In a historic observation passed in Indian Poker Association case, Karnataka High Court, the Court held that playing skill games like poker in recreational clubs is permitted and no license is required for the same. Hon’ble Justice AS Bopanna, in a matter concerning arrests and raids in various Bangalore clubs for organising poker games observed, “Having taken note of the fact that in respect of the game of poker if played as a game of skill, license is not contemplated and further keeping in view the fact that permission in this case had been obtained in that regard, the petitioner would be entitled to conduct such games provided, the same is in accordance with law.” The order further directed the police not to interfere with lawful activities of the club. The overall decision along with easing the cluttering interference by police will also have a positive value to the pending Delhi High Court decision on whether poker is a game of skill and whether it could be played for stakes. However, neither the judgment nor the police permission has gone in the substantial merits of whether poker is a game of skill (as the matter was disposed of at a preliminary stage) and hence the passing observations have limited applicability. Further, both the Court decision and permission only permit poker for “recreational purposes” and hence whether the game can be played commercially for profit or stakes could be called into question in future.

In respect to playing Rummy, the Karnataka High Court in Kirana S. and others v. State of Karnataka (Criminal Petition No; 7648/2013) quashed criminal cases under Section 79 and 80 of the Karnataka Police Act, 1963 (offences of owning and operating common gaming houses) against 19 petitioners accused of playing rummy for stakes in a particular case. The question for consideration before the Court was whether an offence of gambling in a common gaming house would be made out for playing rummy with stakes. Answering the question in the negative and relying on precedent from the Hon’ble Karnataka High Court in Anantaswamy Iyer v. State of Karnataka (1982) the Court observed “the game of Rummy with cards is not game of chance but a game of skill. The collection of commission from the members of the club playing Rummy does not make it a gambling house. Thus, it does not amount to any offence.”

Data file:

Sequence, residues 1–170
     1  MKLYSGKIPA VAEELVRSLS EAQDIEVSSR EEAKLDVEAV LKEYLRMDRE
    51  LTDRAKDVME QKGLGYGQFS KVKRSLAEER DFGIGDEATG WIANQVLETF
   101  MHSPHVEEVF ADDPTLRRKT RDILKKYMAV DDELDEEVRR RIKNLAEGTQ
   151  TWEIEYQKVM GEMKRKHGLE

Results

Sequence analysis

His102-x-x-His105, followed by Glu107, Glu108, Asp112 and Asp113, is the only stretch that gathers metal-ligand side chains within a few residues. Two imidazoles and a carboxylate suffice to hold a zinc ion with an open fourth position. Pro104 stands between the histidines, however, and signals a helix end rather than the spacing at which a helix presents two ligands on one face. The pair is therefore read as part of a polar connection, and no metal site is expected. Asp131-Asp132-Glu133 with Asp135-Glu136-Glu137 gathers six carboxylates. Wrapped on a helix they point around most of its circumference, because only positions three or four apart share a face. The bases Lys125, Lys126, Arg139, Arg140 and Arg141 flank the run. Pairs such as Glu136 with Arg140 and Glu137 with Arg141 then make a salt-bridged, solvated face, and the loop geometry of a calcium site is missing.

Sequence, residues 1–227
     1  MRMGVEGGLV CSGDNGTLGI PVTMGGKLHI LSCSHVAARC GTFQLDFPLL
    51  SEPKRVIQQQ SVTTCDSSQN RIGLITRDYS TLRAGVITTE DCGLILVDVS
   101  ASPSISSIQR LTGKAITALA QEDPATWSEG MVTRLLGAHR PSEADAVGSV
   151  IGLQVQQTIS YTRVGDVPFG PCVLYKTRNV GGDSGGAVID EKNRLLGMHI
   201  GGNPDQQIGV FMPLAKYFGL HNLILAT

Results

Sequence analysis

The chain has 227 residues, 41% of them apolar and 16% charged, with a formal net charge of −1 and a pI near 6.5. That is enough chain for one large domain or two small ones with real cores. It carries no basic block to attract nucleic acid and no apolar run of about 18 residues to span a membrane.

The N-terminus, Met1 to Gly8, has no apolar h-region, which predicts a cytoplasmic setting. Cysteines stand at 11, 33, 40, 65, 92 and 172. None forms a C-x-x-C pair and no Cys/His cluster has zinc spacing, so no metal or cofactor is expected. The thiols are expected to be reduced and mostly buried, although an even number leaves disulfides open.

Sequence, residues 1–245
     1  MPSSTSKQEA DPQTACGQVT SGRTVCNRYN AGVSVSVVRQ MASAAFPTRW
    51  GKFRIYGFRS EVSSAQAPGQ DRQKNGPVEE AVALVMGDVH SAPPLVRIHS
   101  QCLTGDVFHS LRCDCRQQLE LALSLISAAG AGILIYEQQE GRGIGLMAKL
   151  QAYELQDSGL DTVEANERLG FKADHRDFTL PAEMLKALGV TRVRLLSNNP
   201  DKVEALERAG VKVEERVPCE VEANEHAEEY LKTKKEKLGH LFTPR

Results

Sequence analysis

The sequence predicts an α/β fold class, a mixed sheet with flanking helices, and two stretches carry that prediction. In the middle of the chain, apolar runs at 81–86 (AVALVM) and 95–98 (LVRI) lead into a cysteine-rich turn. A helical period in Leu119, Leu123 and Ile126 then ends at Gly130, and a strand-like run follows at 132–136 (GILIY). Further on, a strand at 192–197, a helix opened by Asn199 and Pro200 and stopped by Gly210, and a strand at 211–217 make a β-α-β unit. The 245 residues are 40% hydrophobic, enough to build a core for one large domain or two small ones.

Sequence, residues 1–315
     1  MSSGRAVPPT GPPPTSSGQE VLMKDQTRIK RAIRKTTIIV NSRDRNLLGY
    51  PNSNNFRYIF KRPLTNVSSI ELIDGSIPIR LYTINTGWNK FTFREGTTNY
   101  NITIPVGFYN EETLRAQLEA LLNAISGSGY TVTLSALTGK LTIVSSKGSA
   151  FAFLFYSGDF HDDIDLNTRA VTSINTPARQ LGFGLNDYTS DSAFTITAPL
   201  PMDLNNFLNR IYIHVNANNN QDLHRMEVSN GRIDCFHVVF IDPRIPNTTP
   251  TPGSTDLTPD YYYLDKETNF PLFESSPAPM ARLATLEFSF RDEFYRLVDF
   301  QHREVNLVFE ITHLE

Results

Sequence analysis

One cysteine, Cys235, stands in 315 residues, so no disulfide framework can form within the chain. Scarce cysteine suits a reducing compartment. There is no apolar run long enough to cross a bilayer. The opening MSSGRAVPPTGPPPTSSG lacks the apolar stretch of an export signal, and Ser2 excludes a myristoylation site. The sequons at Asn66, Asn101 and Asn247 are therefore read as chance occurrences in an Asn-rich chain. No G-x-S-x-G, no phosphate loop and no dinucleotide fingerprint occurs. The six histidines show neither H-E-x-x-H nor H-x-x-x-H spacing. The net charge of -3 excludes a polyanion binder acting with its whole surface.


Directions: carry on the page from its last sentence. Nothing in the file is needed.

Various courts in India have examined the difference between the game of skill and game of chance and in order to determine what constitutes gaming as defined in various state enactments, it is imperative to understand the difference between a "game of skill" and a "game of chance".

In State of Bombay v. R. M. D. Chamarbaugwala (AIR 1957 SC 699), the Supreme Court of India held that competitions or games where success depends on a substantial degree of skill will not fall into category of 'gambling' (i.e. gaming as defined under state enactments); and despite there being an element of chance, if a game is predominantly a game of skill, it would nevertheless be a game of "mere skill".